Opinion: It's Time For An Evan Hansen Whose Arm Is Actually Broken
by Zach Raffio. @zachraffio.
It’s 2019 - a time of change, anxiety, and in some cases, true progress. Our world’s social and political landscape is changing within the blink of an eye, and representation in media is as important as ever. That’s why, as someone who broke his arm during a 6th grade field trip to the Franklin D. Roosevelt Historic Site, I feel it’s time for the stage to embrace an Evan Hansen whose arm is ACTUALLY broken.
“Dear Evan Hansen”, the Tony-winning Broadway musical about a socially awkward young man learning to face the consequences of a regrettable mistake, has, for too long, cast leading actors with two fully functioning arms that were NOT broken when Cody Sheffield dared them to jump off the picnic table that they really weren’t supposed to be standing on in the first place. As someone who has had that particular experience, I feel it’s time to bring my story to the stage (especially the part where Vice Principal Carter got mad at ME even though Cody was the one who bet I couldn’t spin all the way around before touching the ground).
In order for Pasek & Paul/s heartbreaking yet inspiring coming-of-age tale to REALLY make an impact, that young actor just has to have a few broken bones in the ol’ waving stick, or at the very least a sprained ligament, like my Dad got when he did too much yard work last Sunday even though my Mom told him to take it easy. I truly don’t imagine a world where the show stays open otherwise.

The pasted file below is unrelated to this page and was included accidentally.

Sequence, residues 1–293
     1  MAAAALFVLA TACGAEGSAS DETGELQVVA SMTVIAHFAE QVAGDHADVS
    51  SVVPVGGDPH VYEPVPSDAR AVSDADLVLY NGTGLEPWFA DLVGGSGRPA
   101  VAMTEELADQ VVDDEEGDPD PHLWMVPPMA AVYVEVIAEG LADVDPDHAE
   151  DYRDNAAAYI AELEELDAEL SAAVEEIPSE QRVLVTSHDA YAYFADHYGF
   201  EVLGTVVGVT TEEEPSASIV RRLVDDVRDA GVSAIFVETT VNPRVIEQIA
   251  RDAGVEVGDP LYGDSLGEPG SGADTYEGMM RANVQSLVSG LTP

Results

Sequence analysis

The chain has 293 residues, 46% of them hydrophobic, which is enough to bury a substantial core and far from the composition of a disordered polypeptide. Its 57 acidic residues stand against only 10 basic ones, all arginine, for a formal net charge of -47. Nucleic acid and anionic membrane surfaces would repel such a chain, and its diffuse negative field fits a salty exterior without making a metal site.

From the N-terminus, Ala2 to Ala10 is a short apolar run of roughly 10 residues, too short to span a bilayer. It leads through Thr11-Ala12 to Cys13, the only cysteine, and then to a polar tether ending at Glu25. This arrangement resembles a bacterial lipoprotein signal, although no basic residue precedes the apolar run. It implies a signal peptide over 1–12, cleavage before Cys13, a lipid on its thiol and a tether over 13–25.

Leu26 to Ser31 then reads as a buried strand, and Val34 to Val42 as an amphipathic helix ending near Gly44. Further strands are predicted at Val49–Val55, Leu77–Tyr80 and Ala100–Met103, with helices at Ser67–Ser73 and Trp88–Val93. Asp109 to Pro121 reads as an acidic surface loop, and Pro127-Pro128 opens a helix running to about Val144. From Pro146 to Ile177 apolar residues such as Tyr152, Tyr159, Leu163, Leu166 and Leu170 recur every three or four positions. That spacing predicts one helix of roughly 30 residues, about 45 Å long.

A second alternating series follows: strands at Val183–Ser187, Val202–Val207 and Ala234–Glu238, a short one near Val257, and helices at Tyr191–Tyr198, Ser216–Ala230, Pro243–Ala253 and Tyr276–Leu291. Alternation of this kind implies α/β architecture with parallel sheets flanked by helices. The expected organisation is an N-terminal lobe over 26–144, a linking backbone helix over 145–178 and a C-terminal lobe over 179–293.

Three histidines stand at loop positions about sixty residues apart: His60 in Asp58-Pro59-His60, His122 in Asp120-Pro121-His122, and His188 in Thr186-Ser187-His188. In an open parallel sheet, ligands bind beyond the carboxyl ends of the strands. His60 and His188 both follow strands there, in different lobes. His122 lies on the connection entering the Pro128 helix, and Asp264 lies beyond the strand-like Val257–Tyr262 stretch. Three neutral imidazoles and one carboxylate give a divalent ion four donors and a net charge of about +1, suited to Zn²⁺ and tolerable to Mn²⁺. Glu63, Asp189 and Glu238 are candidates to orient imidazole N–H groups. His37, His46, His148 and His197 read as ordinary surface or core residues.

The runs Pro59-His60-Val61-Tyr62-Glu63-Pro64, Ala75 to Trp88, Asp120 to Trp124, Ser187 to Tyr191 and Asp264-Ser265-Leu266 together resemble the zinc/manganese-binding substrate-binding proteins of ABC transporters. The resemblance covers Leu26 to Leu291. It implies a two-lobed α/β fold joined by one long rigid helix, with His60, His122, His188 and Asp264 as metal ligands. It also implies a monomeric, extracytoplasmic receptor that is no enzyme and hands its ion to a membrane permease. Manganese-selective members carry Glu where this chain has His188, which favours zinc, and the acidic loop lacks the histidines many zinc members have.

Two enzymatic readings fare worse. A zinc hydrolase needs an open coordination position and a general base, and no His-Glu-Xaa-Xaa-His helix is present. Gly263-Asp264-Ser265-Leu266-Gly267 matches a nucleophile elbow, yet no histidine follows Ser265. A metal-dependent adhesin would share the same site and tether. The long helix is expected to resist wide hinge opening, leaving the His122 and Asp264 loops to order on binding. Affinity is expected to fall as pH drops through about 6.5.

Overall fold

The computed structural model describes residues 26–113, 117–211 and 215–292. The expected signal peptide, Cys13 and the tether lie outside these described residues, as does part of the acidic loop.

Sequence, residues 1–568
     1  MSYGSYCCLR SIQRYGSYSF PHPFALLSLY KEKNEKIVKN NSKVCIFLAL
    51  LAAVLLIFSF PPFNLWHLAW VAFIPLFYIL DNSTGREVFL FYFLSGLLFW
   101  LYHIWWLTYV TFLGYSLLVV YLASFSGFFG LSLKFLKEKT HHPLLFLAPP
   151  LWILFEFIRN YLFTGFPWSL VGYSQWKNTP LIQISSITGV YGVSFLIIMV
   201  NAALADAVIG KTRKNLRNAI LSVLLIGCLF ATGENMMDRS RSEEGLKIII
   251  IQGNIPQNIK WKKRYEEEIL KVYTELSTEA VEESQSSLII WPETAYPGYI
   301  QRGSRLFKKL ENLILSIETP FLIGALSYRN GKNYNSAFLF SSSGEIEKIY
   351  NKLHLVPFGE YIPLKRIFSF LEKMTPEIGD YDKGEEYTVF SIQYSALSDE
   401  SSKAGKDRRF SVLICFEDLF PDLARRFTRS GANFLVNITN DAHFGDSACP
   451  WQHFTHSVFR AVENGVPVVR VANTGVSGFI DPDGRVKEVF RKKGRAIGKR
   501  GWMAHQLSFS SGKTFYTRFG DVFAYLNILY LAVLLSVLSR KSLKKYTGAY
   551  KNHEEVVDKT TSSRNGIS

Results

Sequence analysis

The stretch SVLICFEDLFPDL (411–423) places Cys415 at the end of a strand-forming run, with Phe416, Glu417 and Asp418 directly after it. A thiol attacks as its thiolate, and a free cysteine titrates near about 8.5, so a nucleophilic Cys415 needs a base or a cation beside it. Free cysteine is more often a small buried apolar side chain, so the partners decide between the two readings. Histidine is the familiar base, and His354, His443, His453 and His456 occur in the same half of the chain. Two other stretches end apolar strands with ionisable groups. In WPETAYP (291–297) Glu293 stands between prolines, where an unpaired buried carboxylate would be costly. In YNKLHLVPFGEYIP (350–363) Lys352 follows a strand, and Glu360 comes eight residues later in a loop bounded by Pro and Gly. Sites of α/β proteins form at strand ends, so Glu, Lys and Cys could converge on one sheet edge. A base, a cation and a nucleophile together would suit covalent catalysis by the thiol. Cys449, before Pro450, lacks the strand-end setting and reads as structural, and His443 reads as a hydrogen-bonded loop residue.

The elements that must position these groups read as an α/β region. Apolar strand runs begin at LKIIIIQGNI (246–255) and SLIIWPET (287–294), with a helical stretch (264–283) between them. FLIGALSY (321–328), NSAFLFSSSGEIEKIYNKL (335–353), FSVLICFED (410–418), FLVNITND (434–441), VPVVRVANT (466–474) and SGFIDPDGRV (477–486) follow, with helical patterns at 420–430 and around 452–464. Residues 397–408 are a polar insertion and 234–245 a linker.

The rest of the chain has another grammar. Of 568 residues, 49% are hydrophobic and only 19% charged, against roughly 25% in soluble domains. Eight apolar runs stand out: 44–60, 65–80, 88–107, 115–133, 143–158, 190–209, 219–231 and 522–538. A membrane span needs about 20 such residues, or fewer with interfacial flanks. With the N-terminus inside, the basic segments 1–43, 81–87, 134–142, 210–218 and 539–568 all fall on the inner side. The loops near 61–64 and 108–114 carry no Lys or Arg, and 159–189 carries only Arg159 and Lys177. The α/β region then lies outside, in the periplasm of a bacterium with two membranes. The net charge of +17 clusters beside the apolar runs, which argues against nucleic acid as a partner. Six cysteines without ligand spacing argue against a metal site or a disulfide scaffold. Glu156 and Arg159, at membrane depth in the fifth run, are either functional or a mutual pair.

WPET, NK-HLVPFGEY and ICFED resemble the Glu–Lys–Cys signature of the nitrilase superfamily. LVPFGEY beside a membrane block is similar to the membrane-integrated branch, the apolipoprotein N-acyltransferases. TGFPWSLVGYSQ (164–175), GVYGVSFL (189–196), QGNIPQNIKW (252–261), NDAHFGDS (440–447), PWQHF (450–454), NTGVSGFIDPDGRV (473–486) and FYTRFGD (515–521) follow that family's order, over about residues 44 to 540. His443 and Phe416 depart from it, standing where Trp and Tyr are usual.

Take some of these previous Broadway blunders, for example.
The young lead in “Matilda” did not actually have telekinesis, and what happened to that show? Closed like the car door on my hand that time I wasn’t paying attention and closed the car door on my hand.
Cristin Milioti took the lead in “Once” with a fully functioning vacuum at home. She never knew the real struggle of a young woman with a busted Hoover, and for that reason and that reason alone, the show is kaput. I have never owned a vacuum and do not plan to, so I could never play the female lead in Once, and that’s something I accept.
This idea also works in reverse. “Groundhog Day”, for example, famously starred actor Andy Karl while his leg actually was broken, which the part didn’t call for. That was just plain appropriation, and the show closed as a direct result of it.
So, to the producers, cast, and fans of Dear Evan Hansen, please listen: If you want to survive this crazy theatrical battlefield and truly service the story you’re telling, you’ll post an open call to any young man with a real arm injury. It’s the only logical move.
I will not be able to attend for my break was 15 years ago and my arm has since healed, even though it was a pretty gnarly break - and an even gnarlier jump off that picnic table. I wasn’t allowed to go to Mike McGinny’s sleepover that weekend, though, which sucked cause I heard they watched Terminator.